FRESNO, Calif. (KFSN) -- A Fresno State graduate student is taking his research to new heights using drone photos to find new ways to produce the most accurate maps.
You may not be familiar with the term geomatics engineering, but if you've ever used your phone's GPS to get somewhere you've taken advantage of it.
It's the combination of engineering and mathematics that drew Jacob Lopez to the major early on during his time at Fresno State.
Now a civil engineering major, with a focus on geomatics, Lopez is one of three students working on a mapping research project for Caltrans.
"We capture imagery from drones, then we import the photography and lay it out in a software," described Lopez.
Traditionally survey crews would map out areas in person.
"Traditional old way you'd see us out on the road," described Asst. Professor Scott Petterson. "That part of it is a dangerous profession, but if we can use the kind of technology to be able to map with an equal amount of degree and precision it's safer."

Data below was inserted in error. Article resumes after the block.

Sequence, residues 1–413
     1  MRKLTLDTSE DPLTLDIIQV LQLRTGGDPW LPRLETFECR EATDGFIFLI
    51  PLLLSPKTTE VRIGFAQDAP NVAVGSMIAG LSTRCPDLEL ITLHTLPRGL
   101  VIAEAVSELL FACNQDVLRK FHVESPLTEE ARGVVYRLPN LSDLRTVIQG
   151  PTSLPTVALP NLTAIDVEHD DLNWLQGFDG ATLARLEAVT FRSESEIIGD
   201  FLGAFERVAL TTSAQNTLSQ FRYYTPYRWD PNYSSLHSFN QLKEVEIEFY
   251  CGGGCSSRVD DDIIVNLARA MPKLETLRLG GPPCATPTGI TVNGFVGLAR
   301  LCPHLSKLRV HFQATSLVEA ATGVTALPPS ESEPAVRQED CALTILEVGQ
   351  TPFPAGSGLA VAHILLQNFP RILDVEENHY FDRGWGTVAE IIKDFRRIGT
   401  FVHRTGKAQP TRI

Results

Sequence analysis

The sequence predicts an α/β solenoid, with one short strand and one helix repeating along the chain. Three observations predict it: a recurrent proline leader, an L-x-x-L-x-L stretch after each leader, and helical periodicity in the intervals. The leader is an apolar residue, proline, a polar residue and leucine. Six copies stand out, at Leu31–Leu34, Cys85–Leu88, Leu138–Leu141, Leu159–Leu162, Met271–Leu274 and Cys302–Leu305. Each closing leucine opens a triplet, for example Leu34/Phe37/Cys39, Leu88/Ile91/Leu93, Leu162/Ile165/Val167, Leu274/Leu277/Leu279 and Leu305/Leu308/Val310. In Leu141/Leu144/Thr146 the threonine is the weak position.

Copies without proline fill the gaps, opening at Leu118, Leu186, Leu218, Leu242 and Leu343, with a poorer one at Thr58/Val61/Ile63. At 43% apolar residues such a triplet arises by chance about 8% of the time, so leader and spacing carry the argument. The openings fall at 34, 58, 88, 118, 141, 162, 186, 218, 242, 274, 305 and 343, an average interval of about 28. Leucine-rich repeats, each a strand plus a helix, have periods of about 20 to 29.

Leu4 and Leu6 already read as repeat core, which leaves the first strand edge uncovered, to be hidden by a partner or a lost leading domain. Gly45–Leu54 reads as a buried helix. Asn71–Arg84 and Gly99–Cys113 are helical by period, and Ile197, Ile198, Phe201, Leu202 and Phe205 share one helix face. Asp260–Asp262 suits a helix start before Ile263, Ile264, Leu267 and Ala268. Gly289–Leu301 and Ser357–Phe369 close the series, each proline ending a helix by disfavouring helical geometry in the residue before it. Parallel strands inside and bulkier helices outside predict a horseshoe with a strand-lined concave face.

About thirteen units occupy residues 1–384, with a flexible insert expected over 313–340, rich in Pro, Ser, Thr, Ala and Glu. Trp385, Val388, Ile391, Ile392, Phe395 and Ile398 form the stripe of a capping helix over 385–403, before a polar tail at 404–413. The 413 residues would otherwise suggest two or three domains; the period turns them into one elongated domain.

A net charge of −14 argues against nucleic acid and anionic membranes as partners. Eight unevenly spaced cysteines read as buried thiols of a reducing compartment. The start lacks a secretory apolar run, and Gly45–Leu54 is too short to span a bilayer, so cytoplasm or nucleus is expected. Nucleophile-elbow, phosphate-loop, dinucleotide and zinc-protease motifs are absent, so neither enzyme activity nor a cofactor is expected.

Caltrans originally approached Fresno State for help determining the best ways to use drones for high-accuracy mapping.
"What types of hardware, what type of drone is the best to use, what type of cameras, and what's the best type of software," described Lopez.
Over the past several years, Lopez has worked with a team importing the drone images into a software and creating maps.
He even presented his research at an international conference in the Netherlands.
The findings will provide instructions on how to best use drones for surveying and mapping.
"It's highly impactful," said Petterson. "Not just here in the valley, but everywhere I mean this is stuff that goes beyond Cal Trans."
They plan to present their findings by Summer 2020.
Fresno State student using drones to help make more accurate maps